Focused on the Future

University of Delaware leadership, members of the UD Board of Trustees and elected officials break ground for the SABRE Center on UD’s STAR Campus.

UD marks milestone with SABRE Center groundbreaking

Article by Karen B. Roberts
Photos by Evan Krape

April 26, 2024

University of Delaware leaders, Delaware’s Congressional delegation and members of the life sciences industry gathered Monday, April 22, to mark the next chapter in the development of the Securing American Biomanufacturing Research and Education (SABRE) Center.

Despite the chilly breeze, there were smiles all around at the event, held on the University’s Science, Technology and Advanced Research (STAR) Campus.

The groundbreaking kicks off the construction phase of the SABRE Center, a pilot scale biopharmaceutical manufacturing facility that will sit adjacent to the National Institute for Innovation in Manufacturing Biopharmaceuticals (NIIMBL), which is housed in UD’s Ammon Pinizzotto Biopharmaceutical Innovation Center. The SABRE Center will complement the biopharmaceutical research and development activities of NIIMBL and the larger biopharmaceutical industry in Delaware and the broader region.

The project is supported with federal and state funding and directly aligns with the State of Delaware’s priority of economic growth in the biopharmaceutical industry, and the larger life sciences sector. Together, SABRE and NIIMBL will provide Delaware with a unique position in the region of having resources to support research and development, pilot scale production and workforce training.

While still in the design phase, the SABRE Center is envisioned as a place to scale up and mature manufacturing innovations and technologies that are essential to ensuring broad access to novel biopharmaceutical medicines. It also is viewed as a place to design, develop and disseminate best practices and workforce training programs for people who want to develop the skills necessary to work in a biomanufacturing environment.

“I personally believe that the SABRE Center is going to mark an inflection point in our national competitiveness in this advanced manufacturing industry and to our resilience in the face of future public health threats,” said Kelvin Lee, UD interim vice president for research, scholarship and innovation and NIIMBL director, in opening remarks. “I also believe that the SABRE Center marks our local region’s journey moving from having a strong biotech community to ultimately being recognized as a home to a vibrant industrial ecosystem.”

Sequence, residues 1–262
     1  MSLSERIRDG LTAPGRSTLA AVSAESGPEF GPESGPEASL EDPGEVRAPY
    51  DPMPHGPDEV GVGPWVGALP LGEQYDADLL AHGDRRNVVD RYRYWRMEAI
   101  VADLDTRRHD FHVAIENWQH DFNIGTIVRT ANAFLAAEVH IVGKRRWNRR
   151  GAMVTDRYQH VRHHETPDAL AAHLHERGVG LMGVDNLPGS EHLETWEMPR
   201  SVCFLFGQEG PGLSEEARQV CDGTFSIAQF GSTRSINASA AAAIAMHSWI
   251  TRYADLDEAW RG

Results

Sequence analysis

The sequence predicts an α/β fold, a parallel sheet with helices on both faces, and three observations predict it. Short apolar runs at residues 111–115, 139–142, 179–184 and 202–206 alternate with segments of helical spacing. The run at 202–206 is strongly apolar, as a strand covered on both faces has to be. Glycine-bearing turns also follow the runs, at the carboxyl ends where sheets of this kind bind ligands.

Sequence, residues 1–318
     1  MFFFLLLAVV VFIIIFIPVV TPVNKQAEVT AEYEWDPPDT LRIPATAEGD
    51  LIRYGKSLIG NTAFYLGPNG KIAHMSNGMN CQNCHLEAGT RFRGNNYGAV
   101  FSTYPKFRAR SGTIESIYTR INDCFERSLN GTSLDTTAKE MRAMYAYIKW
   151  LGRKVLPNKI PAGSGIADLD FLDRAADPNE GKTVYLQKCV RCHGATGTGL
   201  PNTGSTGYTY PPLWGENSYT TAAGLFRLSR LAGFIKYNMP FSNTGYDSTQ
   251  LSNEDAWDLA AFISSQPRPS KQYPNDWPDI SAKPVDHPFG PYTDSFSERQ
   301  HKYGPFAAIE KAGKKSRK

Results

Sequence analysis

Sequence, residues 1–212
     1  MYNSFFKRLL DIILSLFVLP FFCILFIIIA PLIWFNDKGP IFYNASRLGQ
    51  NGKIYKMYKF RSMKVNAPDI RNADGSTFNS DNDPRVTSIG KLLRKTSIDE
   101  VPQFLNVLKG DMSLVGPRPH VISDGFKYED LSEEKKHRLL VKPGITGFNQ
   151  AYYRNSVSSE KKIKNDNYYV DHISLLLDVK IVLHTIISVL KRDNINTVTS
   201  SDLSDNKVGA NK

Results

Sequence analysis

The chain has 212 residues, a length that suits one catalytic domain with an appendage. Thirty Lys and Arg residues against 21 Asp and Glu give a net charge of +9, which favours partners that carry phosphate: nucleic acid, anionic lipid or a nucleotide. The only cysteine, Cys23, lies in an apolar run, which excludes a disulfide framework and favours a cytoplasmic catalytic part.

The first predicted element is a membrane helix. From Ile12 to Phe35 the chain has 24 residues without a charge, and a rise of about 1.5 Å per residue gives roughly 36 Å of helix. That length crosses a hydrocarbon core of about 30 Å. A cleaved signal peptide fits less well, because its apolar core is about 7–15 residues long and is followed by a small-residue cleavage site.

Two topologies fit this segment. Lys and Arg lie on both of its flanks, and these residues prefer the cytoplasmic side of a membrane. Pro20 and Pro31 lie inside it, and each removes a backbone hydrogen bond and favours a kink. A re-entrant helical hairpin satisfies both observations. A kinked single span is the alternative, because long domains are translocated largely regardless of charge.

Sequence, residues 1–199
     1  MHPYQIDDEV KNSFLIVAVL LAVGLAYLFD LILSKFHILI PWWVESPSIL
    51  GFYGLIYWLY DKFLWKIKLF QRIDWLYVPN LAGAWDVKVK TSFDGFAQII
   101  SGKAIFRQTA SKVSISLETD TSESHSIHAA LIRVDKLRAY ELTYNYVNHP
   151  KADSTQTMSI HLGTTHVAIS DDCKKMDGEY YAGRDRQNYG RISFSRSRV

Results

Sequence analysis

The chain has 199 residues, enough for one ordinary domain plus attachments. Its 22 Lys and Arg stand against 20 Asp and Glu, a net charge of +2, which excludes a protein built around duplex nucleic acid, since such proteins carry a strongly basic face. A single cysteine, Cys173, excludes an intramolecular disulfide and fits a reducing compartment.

UD President Dennis Assanis thanked the Congressional delegation and other dignitaries in the audience for their contributions to UD and the instrumental role they have played in fostering the biopharmaceutical ecosystem in Delaware. Groundbreaking ceremonies, he added, signal hope and the promise of new endeavors and exciting achievements to come, from the development and manufacturing of new products that can save lives and advance wellness to the creation of new manufacturing jobs that don’t yet exist.

“Through the SABRE Center, NIIMBL and many other public and private entities in the life science industry, Delaware is well on its way to becoming a unique and vibrant hub for biopharma research and manufacturing … a place where brilliant ideas become realities,” Assanis said.

UD President Dennis Assanis, joined by Delaware’s Congressional delegation, addresses UD leaders, members of the life sciences industry and other guests.

20 years in the making

Delaware’s strategic investment into the life sciences sector began about two decades ago, with the recruitment of private-sector investment to the state and higher education institutions with the goal of establishing a biotech community. One early outcome of that strategy was the formation of the Delaware Biotechnology Institute.

U.S. Sen. Tom Carper reflected on the bold and promising new direction that is developing on the STAR Campus to provide access to medicines and biopharmaceuticals that can help people lead healthier lives.

“Today’s groundbreaking builds upon all the years of work that have gone into transforming the once-shuttered Chrysler plant into the research and development hub it is today,” Carper said. “This facility will be a training center for our future biopharmaceutical workforce, as well as a testing center for biopharma companies to test their products in an FDA-regulated environment — giving us a competitive advantage to attract companies and researchers to the First State. I’m so proud of the different ways Delaware is continuing to be a force in R&D. Here, we have a vibrant research community at the University of Delaware, especially in the life sciences, thanks in large part to the Delaware Biotechnology Institute. This has served as a great model for collaboration among education, and the private and public sector.”